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  • 20 марта 2011 г.
  • 1822 Слова
Introduction
In this tutorial, we will create a particle engine for a 2D game. A particle engine (or particle system) is a technique that is used to simulate many effects including fire, sparks, flowing water, falling snow, dust, or abstract effects, like glowing trails or effects from a magic spell. You can really do a lot with a particle engine. Often, they are done in 3D, but for thistutorial, we will look at how to implement one in 2D. As an example of what you can use particle effects for, take a look at the screenshot below, which is from an Asteroids clone that I recently made, which uses a particle system:
In this image, the ship's engine exhaust and the trail for the bonus are visible, which were both implemented with a particle engine. Particle engines were also used forother effects in the game as well. In this tutorial, we will create a particle engine similar to the trail for the bonuses in the Asteroids game above.
Particle Engine Images
The first thing we will need to do is to get images for the particle engine. You can use any images you want, though you are free to use the images below if you want.
Download these images and add them to the content of yourproject like we have done before.
Anatomy of a Particle Engine
The next thing we want to do is discuss a little bit about how particle engines work. A particle engine has three major components: particles, a particle emitter, and the engine itself. A particle is a small point in your game that will be drawn with an image. A particle often has a position in the game world, as well as a velocity,an angle that it is rotated at, an angular velocity which indicates how quickly the particle is spinning, and usually a color and texture for drawing. In our particle engine, we will have lots of particles, which all add up to produce an interesting effect. Also, particles almost always have some way of determining how long they should live for, so the particles can be removed as new ones aregenerated.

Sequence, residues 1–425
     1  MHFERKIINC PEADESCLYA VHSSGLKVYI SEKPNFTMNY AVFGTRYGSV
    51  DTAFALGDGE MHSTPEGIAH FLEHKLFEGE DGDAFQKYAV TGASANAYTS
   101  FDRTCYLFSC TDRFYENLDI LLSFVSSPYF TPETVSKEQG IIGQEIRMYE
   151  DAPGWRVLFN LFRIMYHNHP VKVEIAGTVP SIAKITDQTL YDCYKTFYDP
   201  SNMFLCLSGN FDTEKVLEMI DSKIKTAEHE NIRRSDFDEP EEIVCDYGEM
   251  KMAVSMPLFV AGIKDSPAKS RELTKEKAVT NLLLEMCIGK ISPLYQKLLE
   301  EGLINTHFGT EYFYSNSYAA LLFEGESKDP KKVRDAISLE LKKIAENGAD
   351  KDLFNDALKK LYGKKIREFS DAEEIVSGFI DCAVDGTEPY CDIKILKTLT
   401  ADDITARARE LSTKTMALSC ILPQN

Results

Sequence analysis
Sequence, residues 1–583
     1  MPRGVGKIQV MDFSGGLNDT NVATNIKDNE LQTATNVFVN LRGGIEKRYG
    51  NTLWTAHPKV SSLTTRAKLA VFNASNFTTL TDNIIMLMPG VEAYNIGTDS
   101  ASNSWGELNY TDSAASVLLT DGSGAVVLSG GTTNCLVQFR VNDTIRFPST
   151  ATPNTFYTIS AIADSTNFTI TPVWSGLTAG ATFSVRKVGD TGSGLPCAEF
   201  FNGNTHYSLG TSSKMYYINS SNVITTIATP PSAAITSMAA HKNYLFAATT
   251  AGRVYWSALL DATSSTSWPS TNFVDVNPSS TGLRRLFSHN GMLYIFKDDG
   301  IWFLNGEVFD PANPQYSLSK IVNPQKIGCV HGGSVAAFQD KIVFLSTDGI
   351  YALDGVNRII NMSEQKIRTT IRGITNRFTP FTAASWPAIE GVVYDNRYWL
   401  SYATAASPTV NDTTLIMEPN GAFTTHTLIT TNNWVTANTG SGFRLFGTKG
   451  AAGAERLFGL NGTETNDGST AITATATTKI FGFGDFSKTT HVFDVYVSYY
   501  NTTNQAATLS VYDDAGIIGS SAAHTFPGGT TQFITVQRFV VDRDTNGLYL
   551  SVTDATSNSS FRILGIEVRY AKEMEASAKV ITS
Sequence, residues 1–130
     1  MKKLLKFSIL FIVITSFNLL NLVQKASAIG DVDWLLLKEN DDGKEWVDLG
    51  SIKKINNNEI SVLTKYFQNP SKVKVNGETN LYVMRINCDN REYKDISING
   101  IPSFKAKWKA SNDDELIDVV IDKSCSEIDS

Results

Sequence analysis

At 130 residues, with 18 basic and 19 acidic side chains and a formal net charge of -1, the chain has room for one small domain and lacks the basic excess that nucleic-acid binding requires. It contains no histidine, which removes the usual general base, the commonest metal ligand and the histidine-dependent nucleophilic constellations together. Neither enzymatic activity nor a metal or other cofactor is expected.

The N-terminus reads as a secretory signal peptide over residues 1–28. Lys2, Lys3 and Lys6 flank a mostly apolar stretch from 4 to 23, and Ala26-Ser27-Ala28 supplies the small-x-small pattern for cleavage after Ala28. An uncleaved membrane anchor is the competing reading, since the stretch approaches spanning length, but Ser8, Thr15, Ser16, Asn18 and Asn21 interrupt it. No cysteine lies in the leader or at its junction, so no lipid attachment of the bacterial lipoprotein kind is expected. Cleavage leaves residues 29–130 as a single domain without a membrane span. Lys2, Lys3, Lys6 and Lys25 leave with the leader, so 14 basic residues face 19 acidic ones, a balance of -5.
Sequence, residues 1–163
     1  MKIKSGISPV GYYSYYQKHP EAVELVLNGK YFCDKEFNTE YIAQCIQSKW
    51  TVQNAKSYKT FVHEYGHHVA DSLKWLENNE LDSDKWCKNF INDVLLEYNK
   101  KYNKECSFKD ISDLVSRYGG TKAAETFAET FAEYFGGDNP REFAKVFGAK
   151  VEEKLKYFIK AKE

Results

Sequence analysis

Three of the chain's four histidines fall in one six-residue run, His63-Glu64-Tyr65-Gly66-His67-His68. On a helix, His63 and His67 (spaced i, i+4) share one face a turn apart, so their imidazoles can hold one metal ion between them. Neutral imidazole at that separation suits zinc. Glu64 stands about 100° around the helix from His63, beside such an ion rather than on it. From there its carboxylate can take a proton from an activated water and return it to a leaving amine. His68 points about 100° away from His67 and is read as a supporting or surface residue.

A particle emitter is essentially the location that the particles are coming from. Often the particle emitter is also responsible for determining how many particles will be created at any given time.
The particle engine manages the state of the previous two components, and is responsible for removing dead particles from the system.
Particles
Our first task will be to create a Particleclass, which will be used in our particle engine. The first step will be to create the class itself. To create this class, right click on your project in the Solution Explorer, and choose Add > New Item from the popup menu. The Add New Item dialog will appear. Select the Class template, and change the name (near the bottom) to Particle.cs. Click on the Add button when you have done this. The newclass file will open up in the main editor window.
The first change we will want to make is to make the class public, so near the top of the file, find the line that says:
class Particle
and change it to say:
public class Particle
The Particle's Properties
We now need to add some properties and instance variables to the class to keep track of important information about our particle. Add thefollowing as instance variables:
public Texture2D Texture { get; set; } // The texture that will be drawn to represent the particle
public Vector2 Position { get; set; } // The current position of the particle
public Vector2 Velocity { get; set; } // The speed of the particle at the current instance
public float Angle { get; set; } // The current angle ofrotation of the particle
public float AngularVelocity { get; set; } // The speed that the angle is changing
public Color Color { get; set; } // The color of the particle
public float Size { get; set; } // The size of the particle
public int TTL { get; set; } // The 'time to live' of the particle
All of these parameters should make sense to you,...
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